Another factor in program impacts is the likelihood that a program will solve a very serious problem that may ultimately have a big effect on individual students and perhaps save a lot of money over time. For example, it may be that a very expensive parent training program may make a big difference for students with serious behavior problems. If this program produces lasting effects (documented in the research), its high cost might be justified, especially if it might reduce the need for even more expensive interventions, such as special education placement, expulsion, or incarceration.
Programs that either produce lasting impacts, or those that can be readily maintained over time, are clearly preferable to those that have short-term impacts only. In education, long-term impacts are not typically measured, but sustainability can be determined by the cost, effort, and other elements required to maintain an intervention. Most programs get a lot cheaper after the first year, so sustainability can usually be assumed. This means that even programs with modest effect sizes could bring about major changes over time.
Breadth of Impact
Some educational interventions with modest effect sizes might be justified because they apply across entire schools and for many years. For example, effective coaching for principals might have a small effect overall, but if that effect is seen across thousands of students over a period of years, it might be more than worthwhile. Similarly, training teachers in methods that become part of their permanent repertoire, such as cooperative learning, teaching metacognitive skills, or classroom management, might affect hundreds of students per teacher over time.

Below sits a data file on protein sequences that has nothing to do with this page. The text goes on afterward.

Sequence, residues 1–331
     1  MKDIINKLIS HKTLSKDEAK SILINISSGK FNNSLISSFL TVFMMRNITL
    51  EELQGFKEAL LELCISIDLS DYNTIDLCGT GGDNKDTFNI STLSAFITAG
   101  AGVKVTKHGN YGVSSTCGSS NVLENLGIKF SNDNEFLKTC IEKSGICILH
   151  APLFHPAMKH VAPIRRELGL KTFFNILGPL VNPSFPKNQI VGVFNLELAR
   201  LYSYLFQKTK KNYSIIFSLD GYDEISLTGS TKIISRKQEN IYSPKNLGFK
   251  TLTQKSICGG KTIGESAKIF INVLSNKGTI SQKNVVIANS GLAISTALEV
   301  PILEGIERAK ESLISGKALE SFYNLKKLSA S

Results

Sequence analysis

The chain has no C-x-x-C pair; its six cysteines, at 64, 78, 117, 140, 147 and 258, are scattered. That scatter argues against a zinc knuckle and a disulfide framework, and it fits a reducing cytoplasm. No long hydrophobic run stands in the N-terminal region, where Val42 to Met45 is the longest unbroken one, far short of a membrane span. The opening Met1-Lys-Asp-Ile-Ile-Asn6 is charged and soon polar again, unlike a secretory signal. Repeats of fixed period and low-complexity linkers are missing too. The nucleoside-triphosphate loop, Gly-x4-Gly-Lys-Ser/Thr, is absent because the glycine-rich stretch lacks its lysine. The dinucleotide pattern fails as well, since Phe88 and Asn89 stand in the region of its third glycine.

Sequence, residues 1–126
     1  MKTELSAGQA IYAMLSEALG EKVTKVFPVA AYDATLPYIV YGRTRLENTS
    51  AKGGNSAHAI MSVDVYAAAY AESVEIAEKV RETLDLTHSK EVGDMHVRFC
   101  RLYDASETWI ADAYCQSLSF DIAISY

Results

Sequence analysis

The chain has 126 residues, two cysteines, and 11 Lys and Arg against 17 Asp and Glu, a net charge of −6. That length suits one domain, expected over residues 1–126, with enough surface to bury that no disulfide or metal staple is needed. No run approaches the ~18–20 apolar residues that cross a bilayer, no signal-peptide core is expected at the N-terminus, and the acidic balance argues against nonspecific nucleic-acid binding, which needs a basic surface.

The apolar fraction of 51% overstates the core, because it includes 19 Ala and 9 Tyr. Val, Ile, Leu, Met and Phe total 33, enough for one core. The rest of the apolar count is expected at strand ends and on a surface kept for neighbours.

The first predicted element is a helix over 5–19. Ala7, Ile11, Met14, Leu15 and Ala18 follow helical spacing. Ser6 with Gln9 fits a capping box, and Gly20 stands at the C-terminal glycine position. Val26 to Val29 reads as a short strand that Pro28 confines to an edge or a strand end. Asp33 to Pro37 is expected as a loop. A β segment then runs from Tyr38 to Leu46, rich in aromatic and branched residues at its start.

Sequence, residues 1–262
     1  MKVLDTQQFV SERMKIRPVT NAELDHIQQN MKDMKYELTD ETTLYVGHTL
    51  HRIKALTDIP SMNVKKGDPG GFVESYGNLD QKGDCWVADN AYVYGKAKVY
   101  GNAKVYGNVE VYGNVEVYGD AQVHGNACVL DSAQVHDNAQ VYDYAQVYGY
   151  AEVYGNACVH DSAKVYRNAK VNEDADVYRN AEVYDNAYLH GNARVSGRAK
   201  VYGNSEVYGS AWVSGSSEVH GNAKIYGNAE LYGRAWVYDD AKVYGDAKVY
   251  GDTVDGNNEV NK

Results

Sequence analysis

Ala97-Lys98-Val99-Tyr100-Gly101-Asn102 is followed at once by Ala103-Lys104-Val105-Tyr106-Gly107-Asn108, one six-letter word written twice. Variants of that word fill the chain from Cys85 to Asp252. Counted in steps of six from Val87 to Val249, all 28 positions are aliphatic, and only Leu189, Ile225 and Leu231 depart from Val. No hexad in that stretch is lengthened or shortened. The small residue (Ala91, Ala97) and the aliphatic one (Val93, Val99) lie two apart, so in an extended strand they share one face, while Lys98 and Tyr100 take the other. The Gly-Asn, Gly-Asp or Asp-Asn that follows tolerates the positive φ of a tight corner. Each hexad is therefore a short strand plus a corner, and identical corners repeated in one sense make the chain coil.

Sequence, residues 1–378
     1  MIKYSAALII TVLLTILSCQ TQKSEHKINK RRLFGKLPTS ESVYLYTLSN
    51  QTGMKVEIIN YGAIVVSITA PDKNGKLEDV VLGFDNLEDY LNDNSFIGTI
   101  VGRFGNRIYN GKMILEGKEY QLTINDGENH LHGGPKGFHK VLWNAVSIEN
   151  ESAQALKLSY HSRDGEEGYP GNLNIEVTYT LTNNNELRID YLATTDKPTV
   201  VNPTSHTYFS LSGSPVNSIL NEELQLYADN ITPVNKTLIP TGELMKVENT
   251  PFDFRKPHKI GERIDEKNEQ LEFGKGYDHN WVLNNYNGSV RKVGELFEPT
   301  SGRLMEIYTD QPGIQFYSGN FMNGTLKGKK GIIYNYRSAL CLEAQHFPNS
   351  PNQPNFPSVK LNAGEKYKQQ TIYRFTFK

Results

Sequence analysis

Some interventions may have either modest impacts on students in general, or strong outcomes for only a subset of students, but be so inexpensive or easy to adopt and implement that it would be foolish not to do so. One example might be making sure that disadvantaged students who need eyeglasses are assessed and given glasses. Not everyone needs glasses, but for those who do this makes a big difference at low cost. Another example might be implementing a whole-school behavior management approach like Positive Behavior Interventions and Support (PBIS), a low-cost, proven approach any school can implement.
Schools have to solve many quite different problems, and they usually do this by pulling various solutions off of various shelves. The problem is that this approach can be uncoordinated and inefficient. The different elements may not link up well with each other, may compete for the time and attention of the staff, and may cost a lot more than a unified, comprehensive solution that addresses many objectives in a planful way. A comprehensive approach is likely to have a coherent plan for professional development, materials, software, and assessment across all program elements. It is likely to have a plan for sustaining its effects over time and extending into additional parts of the school or additional schools.
Potential impact is the sum of all the factors that make a given program or a coordinated set of programs effective in the short and long term, broad in its impact, focused on preventing serious problems, and cost-effective. There is no numerical standard for potential impact, but the concept is just intended to give educators making important choices for their kids a set of things to consider, beyond effect size and statistical significance alone.
Sorry. I wish this were simple. But kids are complex, organizations are complex, and systems are complex. It’s always a good idea for education leaders to start with the evidence but then think through how programs can be used as tools to transform their particular schools.